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  2. You have to have balance in your life, or a career in teaching is unsustainable. Especially in the title one schools. You will not save the world. Yes I care, deeply. But not at the cost of my sanity.

    The classrooms full of smiling, compliant children in that film are NOT reality. Nothing is worse than a sullen, uncooperative student. Smiles and high fives won’t do the trick. And there is nothing like teaching a classroom with students reading above their grade level, and students 4 and 5 grade levels below. Try keeping those balls in the air.

    Like

  3. I’m sorry, but the takeaway message from that film is that teachers just need to be passionate, and therefore if teachers start in TFA that’s just fine. Frankly, it looked like TFA made a recruitment video and threw Ellie in there just to make the TFA true believer teachers look tougher. There was virtually nothing in the film that expanded on Julian’s points. No mention of HOW poverty impacts education. Instead, it was just more myth promotion. One of the last quotes is the female TFA true believer saying, “(educational inequity) is a solvable problem, and we’re seeing gains and we’re seeing that it is possible for students to achieve.” And then her quote is immediately followed up by the male TFA saying, “I think they just need passionate teachers.” Yep. Passionate teachers (especially passionate TFA teachers) can overcome anything. In fact, the very last quote “my definition of a good teacher is someone who fundamentally believers in the ability that all kids can achieve what they want to achieve…” continues to promotes TFA’s oversimplified (but nice sounding) we just need to have high expectations to realize educational equity. Two thumbs down.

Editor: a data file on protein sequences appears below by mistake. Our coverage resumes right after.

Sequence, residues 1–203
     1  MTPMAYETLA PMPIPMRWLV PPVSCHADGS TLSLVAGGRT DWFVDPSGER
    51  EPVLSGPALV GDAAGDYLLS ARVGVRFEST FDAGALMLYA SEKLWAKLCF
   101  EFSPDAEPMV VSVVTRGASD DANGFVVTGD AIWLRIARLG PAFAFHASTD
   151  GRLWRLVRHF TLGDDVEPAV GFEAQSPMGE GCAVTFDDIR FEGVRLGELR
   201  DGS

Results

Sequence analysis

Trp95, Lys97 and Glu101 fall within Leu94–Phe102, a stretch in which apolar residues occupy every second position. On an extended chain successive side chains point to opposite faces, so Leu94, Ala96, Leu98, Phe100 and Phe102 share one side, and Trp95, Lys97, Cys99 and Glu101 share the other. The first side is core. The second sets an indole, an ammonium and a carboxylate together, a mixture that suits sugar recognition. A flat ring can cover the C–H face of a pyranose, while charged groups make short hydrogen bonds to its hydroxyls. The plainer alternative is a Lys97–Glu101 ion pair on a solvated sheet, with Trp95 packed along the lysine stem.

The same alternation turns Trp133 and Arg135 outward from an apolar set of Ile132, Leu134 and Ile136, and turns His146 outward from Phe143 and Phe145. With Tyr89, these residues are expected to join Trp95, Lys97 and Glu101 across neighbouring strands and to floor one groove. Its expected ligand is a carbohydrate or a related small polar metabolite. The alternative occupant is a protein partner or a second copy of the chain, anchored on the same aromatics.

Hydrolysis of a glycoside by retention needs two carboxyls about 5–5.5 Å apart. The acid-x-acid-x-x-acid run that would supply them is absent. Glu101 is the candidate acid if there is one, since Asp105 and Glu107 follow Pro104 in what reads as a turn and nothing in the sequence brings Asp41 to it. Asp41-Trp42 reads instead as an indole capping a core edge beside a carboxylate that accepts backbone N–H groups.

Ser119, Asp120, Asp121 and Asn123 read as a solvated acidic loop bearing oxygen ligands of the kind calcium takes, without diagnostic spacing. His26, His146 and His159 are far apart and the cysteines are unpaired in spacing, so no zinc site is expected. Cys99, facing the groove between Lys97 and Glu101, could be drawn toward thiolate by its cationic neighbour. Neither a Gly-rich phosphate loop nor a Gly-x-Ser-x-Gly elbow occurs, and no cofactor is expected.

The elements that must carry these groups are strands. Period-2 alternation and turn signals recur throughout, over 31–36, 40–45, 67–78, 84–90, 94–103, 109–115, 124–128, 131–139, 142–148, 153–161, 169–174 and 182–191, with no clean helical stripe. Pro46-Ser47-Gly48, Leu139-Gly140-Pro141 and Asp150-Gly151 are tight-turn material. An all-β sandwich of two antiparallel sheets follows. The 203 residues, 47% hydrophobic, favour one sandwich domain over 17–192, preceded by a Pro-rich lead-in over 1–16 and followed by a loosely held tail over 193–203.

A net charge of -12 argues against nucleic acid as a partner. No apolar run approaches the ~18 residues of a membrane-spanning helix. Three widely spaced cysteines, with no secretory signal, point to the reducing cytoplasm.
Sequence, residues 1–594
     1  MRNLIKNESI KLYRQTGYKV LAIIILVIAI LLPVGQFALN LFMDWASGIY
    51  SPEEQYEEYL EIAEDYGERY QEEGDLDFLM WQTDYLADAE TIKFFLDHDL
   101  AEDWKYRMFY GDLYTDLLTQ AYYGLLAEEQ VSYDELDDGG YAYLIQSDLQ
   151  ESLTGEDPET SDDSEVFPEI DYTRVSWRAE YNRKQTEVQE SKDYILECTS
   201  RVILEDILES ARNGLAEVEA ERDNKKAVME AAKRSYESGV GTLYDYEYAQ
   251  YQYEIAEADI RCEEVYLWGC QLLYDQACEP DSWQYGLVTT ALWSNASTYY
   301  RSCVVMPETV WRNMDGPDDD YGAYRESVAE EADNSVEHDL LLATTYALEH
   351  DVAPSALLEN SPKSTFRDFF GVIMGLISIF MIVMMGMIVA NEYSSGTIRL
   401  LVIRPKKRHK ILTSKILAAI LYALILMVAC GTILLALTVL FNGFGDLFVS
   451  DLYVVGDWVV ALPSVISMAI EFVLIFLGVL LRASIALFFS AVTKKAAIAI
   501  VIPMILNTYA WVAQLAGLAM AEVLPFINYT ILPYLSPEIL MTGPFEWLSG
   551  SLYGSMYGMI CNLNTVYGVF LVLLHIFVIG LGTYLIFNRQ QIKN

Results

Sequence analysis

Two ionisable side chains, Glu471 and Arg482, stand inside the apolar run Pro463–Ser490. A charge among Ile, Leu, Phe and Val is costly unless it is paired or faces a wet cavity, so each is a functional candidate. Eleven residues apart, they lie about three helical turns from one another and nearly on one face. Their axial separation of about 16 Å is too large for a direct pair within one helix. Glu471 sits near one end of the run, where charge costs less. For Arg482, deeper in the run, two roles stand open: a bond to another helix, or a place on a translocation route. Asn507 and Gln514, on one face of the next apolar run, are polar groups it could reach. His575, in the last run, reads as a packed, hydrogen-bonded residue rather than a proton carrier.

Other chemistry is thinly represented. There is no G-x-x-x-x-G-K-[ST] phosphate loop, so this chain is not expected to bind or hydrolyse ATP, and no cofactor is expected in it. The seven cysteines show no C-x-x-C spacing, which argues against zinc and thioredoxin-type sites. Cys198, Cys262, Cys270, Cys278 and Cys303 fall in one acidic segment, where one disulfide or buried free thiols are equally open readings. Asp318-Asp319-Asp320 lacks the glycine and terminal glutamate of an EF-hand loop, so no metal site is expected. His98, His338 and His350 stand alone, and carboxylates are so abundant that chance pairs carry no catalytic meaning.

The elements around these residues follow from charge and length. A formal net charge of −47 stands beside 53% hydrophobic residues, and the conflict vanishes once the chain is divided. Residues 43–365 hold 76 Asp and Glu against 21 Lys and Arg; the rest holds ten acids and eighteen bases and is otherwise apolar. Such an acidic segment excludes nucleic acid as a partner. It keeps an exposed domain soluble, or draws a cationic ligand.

Like

  4. I’m sorry, but the takeaway message from that film is that teachers just need to be passionate, and therefore if teachers start in TFA that’s just fine. Frankly, it looked like TFA made a recruitment video and threw Ellie in there just to make the TFA true believer teachers look tougher. There was virtually nothing in the film that expanded on Julian’s points. No mention of HOW poverty impacts education. Instead, it was just more myth promotion. One of the last quotes is the female TFA true believer saying, “(educational inequity) is a solvable problem, and we’re seeing gains and we’re seeing that it is possible for students to achieve.” And then her quote is immediately followed up by the male TFA saying, “I think they just need passionate teachers.” Yep. Passionate teachers (especially passionate TFA teachers) can overcome anything. In fact, the very last quote “my definition of a good teacher is someone who fundamentally believers in the ability that all kids can achieve what they want to achieve…” continues to promotes TFA’s oversimplified (but nice sounding) we just need to have high expectations to realize educational equity. Two thumbs down.

    Like